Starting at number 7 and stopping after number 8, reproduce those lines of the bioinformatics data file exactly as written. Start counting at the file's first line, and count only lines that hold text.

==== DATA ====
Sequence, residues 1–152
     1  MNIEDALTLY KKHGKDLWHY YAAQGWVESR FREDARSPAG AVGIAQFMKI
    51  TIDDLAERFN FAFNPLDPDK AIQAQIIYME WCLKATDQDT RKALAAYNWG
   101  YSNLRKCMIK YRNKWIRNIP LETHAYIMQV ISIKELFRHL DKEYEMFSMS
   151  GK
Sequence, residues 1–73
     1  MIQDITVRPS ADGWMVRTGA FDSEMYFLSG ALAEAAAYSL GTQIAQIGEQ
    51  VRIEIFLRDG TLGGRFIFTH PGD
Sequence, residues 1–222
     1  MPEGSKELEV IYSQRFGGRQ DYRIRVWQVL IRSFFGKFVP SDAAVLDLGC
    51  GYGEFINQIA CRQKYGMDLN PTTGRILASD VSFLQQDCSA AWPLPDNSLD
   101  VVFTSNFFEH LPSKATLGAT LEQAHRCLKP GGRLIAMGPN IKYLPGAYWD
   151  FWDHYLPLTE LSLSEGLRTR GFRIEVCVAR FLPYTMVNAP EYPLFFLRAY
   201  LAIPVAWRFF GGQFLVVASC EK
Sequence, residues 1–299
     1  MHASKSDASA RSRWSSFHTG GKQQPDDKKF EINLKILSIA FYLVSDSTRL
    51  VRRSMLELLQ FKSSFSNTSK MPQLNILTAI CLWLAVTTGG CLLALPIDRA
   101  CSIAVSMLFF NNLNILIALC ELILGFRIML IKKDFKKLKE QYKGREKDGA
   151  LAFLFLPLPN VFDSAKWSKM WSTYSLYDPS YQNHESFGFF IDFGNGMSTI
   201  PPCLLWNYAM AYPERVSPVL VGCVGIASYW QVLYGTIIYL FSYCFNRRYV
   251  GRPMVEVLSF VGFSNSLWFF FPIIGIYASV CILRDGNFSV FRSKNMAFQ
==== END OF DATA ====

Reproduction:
     1  MIQDITVRPS ADGWMVRTGA FDSEMYFLSG ALAEAAAYSL GTQIAQIGEQ
    51  VRIEIFLRDG TLGGRFIFTH PGD